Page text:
Birmingham Council launched a children's trust in April in a bid to improve standards within children's services, which have been rated "inadequate" since 2009.
In its first monitoring visit since it was launched, the inspectorate focused on assessing support for care leavers, finding that they are all allocated a personal adviser.
Inspectors also welcomed the Birmingham Children's Trust setting up of a specialist leaving care team to support unaccompanied asylum-seeking young people.
Staying Put arrangements, whereby looked-after children can stay with their foster carer until they are 21, were also found to be well used.
In addition, care leavers in need of mental health support benefit from a newly created therapeutic support service.
"There has been progress since the last inspection in services for care leavers," states a letter from Ofsted to the trust following its visit last month.
"Young people leaving care are all allocated a personal adviser and there has been further investment made in establishing a fifth 18+ leaving care team to support unaccompanied asylum-seeking young people."
The letter adds: "A significant number of young people benefit from Staying Put arrangements with former foster carers and also continuing support while completing higher education."
However, inspectors said they are concerned that no personal education plans for care leavers over the age of 18 were seen during their visit, despite this being a policy of the trust.
The letter goes on to welcome efforts to support care leavers who are Neet (not in education, employment or training), including a specialist post to oversee and track this group of young people. But inspectors note that this had not yet effectively reduced the number of Neet care leavers.
The inspection team also looked at long-term arrangements for children who have been in care for two years or more. In almost all cases this group of children are in stable, long-term placements and their plans are reviewed regularly.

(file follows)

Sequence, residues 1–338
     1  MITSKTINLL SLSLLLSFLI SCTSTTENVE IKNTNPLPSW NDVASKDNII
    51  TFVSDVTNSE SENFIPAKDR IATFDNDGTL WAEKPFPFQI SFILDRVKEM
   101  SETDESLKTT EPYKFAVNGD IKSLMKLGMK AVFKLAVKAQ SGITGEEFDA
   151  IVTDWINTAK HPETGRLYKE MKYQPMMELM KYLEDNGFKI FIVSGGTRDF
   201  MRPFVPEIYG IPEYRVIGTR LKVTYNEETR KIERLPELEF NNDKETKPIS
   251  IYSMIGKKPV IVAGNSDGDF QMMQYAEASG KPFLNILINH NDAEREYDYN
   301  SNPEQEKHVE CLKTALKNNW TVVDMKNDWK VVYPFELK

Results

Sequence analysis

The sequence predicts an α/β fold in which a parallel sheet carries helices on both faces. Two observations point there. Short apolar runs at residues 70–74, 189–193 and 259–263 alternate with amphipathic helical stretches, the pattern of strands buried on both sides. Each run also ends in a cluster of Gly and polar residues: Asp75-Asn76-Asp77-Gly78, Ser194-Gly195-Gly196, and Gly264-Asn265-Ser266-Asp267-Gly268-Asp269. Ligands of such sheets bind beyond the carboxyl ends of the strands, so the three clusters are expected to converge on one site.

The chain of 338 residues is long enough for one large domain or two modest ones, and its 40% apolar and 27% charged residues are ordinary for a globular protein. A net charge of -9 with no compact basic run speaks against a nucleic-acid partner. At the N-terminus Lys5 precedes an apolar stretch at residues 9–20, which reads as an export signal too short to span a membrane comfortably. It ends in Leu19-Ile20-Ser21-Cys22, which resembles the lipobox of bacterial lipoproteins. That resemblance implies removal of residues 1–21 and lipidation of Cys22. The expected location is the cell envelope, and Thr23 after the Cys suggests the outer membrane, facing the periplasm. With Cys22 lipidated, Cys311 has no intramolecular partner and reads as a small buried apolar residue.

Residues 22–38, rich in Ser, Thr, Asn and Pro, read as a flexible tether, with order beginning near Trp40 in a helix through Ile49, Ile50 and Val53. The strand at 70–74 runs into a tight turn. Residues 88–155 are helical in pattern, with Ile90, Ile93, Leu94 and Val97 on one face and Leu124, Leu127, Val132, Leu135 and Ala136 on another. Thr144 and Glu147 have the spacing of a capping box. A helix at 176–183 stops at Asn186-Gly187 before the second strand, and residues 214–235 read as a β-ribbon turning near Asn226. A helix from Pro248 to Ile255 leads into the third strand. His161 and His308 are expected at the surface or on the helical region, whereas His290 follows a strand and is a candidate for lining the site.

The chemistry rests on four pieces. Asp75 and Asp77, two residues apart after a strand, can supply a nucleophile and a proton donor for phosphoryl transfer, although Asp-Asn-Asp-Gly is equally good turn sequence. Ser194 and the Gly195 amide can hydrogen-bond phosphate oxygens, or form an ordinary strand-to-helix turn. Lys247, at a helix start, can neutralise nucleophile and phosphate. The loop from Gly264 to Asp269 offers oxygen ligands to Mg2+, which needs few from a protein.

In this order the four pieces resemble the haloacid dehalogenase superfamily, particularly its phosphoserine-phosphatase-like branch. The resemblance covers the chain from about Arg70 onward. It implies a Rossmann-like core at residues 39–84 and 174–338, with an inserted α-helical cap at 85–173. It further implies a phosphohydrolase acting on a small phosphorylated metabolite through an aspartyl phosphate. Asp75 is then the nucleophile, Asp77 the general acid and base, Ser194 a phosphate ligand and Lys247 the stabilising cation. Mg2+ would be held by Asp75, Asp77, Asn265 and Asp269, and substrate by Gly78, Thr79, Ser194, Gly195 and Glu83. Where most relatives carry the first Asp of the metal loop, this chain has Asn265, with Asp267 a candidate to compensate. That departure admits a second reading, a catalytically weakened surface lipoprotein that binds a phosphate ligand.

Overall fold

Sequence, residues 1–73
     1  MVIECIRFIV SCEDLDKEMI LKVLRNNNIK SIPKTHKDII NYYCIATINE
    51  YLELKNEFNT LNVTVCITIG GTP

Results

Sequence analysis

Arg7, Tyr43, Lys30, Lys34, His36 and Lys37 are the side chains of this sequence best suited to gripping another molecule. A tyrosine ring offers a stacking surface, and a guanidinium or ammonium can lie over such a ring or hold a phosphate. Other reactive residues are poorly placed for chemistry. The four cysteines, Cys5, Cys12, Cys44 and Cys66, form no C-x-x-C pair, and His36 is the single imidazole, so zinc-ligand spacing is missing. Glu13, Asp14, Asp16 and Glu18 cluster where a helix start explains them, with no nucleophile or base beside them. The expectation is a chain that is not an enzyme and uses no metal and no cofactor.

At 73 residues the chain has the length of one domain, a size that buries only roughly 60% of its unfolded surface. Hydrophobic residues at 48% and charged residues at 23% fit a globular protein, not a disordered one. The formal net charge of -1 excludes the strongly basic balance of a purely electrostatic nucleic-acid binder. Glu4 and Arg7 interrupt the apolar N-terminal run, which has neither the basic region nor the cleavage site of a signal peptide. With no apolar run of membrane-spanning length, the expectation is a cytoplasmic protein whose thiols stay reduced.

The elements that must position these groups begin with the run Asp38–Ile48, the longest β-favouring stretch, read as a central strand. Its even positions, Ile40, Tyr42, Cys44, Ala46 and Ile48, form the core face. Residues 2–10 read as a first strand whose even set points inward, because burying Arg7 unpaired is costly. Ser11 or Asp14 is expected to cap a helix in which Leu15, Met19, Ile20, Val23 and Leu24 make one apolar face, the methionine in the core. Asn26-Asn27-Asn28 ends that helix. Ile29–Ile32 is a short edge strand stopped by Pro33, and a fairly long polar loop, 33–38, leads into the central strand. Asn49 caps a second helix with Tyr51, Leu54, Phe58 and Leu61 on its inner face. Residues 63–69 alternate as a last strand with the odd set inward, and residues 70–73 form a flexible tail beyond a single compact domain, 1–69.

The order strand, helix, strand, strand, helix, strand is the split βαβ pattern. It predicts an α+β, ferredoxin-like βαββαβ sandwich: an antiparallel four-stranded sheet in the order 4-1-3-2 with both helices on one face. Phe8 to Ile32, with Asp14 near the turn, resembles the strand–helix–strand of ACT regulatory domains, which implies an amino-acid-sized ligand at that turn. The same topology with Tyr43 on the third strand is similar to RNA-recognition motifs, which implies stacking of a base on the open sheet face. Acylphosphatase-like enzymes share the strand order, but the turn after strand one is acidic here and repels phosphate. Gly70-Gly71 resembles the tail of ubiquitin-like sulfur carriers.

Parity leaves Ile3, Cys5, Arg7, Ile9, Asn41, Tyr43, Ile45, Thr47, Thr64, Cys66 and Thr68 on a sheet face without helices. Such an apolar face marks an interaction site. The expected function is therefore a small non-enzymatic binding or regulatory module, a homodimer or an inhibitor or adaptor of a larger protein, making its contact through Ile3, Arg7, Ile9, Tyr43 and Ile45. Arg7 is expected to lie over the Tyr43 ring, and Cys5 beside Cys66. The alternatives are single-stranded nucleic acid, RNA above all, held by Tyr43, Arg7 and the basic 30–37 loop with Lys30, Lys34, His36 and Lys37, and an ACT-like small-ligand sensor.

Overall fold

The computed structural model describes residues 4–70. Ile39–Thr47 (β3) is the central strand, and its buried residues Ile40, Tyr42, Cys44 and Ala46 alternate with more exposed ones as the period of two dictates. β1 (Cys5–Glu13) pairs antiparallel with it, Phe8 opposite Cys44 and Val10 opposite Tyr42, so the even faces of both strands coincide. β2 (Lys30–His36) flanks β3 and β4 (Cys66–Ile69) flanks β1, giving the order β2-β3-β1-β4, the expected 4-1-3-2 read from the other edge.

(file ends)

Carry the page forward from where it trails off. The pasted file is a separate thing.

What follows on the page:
But inspectors have warned that this stability is being threatened by failures in overseeing contact with birth families.
While contact with extended birth family members is promoted, these arrangements are not being properly evaluated or overseen by managers and independent reviewing officers, and in some cases are seen as a disincentive to foster parents applying for special guardianship orders.
Inspectors also found that in some cases children do not want frequent contact with their birth family, but their views are being ignored.
"Contact with birth family is promoted, but in too many cases where multiple arrangements for contact are made with extended family members, there is a potential of increased instability and a greater risk of placement breakdown," states Ofsted's letter to the trust.
Inspectors noted that services for looked-after children are improving. Those in care are seen regularly by social workers and their support is "planned, thoughtful and effective", according to an Ofsted letter to the council.
But the letter adds that progress overall is "too piecemeal and fragmented". Ofsted raises concerns over the quality of planning when children first come into care. This is leading to delays in matching older children with long-term foster carers and infants with possible adoptive parents.
Only around a quarter of care proceedings are completed with the 26-week target and inspectors note that the proportion of children placed out of the area had increased, despite a successful recruitment campaign for local foster carers.
Birmingham and Reading councils have been contacted for comment.